Dental implants are considered the gold standard for missing tooth replacement but only if they last. Taking care of dental implants should be high on your list of priorities once you have had them placed. Here are some tips to help you look after your implants.
We would also recommend that you get a free consultation at your local dental clinic for further information.
Taking Care of Implants Immediately After Dental Implant Surgery
If you’ve recently undergone surgery to have dental implants placed, there are a few things you should be aware of in the days and weeks post-surgery to care for the implant and ease the healing process. For example…
Avoid strenuous activities (sneezing, blowing your nose, coughing or even laughing)
This can irritate the dental implant site and hinder the healing progress. If you must sneeze or blow your nose, do it as gently as possible to avoid placing undue stress around the implant site
Make sure to keep your mouth as clean as possible
A saltwater rinse two or three times a day can reduce the risk of infection by washing away bacteria and other microorganisms that cause disease. It also provides the healthiest environment for the mouth to heal.
Limit your diet to soft foods and food which can be eaten without needing to chew
Your mouth may be painful which can hinder your ability to chew properly. Also as a top tip, you should stick to tepid foods as overly warm or cold foods may cause discomfort.
Alcohol is a depressant that slows down our nerves and muscles, lowering saliva production in our mouths. So it should be avoided after implant surgery. So why is this important?
Saliva’s function is to keep your mouth healthy. It contains enzymes that help to break down food items such as carbohydrates, proteins, and fats. It also keeps your mouth moist and regulates pH. The salivary glands protect against bacteria, viruses, and other pathogens. A lack of saliva after dental implant surgery could mean more harmful bacteria in the mouth, increasing the risk of infection.
Taking Care of Dental Implants Daily
While caring for dental implants doesn’t require anything special, practising good oral hygiene habits to keep your mouth clean is essential.
Brushing twice a day and flossing around each dental implant is crucial. You may also find that interdental toothbrushes and other dental aids such as water flossers are better for cleaning around a dental implant than floss.
Osseointegration (when the dental implant and your jawbone fuse together) is a necessary part of the dental implant process and can take many months. Therefore you’ll need to be monitored regularly by your implant dentist.
While osseointegration takes place, you should take care not to chew on anything too hard or place unnecessary stress on the implant post or crown. So avoid anything overly crunchy or sticky, at least until your dental implant has stabilised in the jaw.
Things That Are Detrimental To the Care of Dental Implants
If you are considering implants, see a dentist that offers free consultation appointments to ensure you are a suitable candidate. They will carry out a thorough examination of your mouth and teeth and discuss your medical history.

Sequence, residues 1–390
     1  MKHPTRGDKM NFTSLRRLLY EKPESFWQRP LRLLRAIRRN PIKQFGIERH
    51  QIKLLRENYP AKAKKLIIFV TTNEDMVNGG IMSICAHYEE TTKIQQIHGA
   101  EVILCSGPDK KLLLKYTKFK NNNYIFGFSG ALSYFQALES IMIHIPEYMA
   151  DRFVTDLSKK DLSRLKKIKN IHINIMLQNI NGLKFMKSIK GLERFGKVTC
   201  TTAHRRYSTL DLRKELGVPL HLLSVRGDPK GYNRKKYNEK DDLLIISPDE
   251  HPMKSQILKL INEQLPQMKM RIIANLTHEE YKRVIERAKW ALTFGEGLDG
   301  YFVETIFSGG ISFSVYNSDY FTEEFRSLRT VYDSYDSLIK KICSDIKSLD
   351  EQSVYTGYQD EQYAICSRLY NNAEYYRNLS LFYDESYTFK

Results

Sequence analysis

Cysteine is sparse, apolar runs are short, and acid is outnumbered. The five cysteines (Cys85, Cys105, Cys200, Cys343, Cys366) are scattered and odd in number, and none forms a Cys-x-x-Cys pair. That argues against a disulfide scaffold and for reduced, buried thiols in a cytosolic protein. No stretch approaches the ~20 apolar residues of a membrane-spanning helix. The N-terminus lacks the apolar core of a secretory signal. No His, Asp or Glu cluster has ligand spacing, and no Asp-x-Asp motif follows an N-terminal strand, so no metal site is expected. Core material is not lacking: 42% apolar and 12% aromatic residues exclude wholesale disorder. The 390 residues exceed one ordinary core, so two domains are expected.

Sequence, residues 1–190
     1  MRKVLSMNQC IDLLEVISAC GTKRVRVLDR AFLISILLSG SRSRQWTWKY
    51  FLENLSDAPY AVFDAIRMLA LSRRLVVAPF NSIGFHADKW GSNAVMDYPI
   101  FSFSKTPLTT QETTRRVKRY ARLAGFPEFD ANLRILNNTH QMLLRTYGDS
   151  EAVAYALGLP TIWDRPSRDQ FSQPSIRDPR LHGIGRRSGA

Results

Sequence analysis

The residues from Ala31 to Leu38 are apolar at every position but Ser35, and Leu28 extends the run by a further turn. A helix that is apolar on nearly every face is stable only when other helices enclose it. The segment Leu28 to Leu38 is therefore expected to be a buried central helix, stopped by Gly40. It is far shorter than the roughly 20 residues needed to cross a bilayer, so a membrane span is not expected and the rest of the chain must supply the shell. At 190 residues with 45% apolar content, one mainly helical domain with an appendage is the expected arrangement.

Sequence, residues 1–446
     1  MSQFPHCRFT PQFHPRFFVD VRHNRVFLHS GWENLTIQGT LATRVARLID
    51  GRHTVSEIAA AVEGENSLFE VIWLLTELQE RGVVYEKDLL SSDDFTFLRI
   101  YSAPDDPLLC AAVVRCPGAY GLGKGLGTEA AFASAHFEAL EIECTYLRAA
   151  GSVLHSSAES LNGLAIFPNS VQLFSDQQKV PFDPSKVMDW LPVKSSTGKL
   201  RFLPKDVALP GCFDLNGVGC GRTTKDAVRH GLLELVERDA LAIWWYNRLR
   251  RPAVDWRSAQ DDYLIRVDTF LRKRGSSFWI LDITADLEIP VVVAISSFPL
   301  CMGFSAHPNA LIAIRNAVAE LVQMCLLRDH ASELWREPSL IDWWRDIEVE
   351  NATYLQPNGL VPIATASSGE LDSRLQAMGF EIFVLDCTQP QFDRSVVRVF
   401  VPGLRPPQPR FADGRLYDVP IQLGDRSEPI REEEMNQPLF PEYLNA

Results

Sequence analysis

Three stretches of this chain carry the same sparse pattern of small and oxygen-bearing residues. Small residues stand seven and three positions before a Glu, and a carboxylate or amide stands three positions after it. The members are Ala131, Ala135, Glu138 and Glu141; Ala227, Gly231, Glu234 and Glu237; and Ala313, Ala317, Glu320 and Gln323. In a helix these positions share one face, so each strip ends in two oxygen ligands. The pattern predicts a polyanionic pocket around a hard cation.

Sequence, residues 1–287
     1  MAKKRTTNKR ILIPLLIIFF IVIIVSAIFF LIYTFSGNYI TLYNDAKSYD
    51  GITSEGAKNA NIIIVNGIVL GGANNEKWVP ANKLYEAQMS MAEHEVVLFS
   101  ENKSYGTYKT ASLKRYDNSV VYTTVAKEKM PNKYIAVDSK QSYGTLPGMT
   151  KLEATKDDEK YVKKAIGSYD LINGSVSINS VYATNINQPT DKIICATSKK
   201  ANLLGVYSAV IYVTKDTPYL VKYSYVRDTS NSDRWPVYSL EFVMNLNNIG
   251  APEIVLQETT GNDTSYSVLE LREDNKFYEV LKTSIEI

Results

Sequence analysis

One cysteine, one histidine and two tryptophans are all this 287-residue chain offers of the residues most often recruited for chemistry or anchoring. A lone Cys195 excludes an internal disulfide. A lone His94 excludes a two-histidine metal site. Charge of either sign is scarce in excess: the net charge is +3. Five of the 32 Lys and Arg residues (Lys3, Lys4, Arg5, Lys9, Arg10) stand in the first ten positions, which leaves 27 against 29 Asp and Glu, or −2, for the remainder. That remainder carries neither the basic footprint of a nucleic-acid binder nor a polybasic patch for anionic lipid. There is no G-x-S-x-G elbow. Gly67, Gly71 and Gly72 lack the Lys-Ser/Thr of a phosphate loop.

Factors that can compromise dental implants include:
Bruxism is a condition that causes people to grind their teeth together. It is usually an unconscious habit, and people may not even be aware that they do it. Unfortunately, this can cause a lot of damage to the teeth, and it can also be bad for dental implants. If you are struggling with bruxism, there are some things that you can do to try to stop it. See your dentist for more advice about treatment that typically involves wearing a mouthguard at night to protect the teeth and your dental implants from further damage.
People who smoke are at a higher risk for complications with dental implants. The nicotine in cigarettes can reduce blood flow to the gums and teeth, increasing the chances of developing gum disease.
Additionally, smokers are more likely to get plaque build-up on their teeth, increasing the chances of tooth decay and implant failure. Moreover, people who have smoked for more than ten years have 1.7 times greater risk of implant failure than smokers who have smoked for less than ten years. If you are serious about taking care of dental implants, quitting smoking is one of the best things you can do.
Brushing too hard
Practising good oral hygiene can affect the longevity of a dental implant and dental restoration. However, if you are overly zealous with brushing, you can damage the tooth enamel. Compulsive brushing, a problem of scrubbing too hard and with too much pressure, can cause the gums to pull away from the teeth, increasing the chance of infection and recession. In the worst cases, this can cause a dental implant to fail. Ensure you brush with care, using the appropriate pressure and a soft-bristled brush.
The Bottom Line
Taking care of dental implants is no different to caring for your natural teeth. Good oral hygiene is crucial, as are regular dental check-ups with your dentist. Your dentist will notice if anything is amiss with your implants long before you do and can take the necessary action to prevent implant failure.
If you want more information on how to take care of your implants or to find out if they are a suitable treatment, book a free dental consultation near you with one of our dedicated implant dentists.
Note: Any surgical or invasive procedure carries risks. Before proceeding, you should seek a second opinion from an appropriately qualified health practitioner.
Science Direct – Osseointegration
Mayo Clinic – Bruxism (teeth grinding)
PubMed Central – The effect of cigarette smoking habits on the outcome of dental implant treatment
Colgate – Is Overbrushing Your Teeth Bad?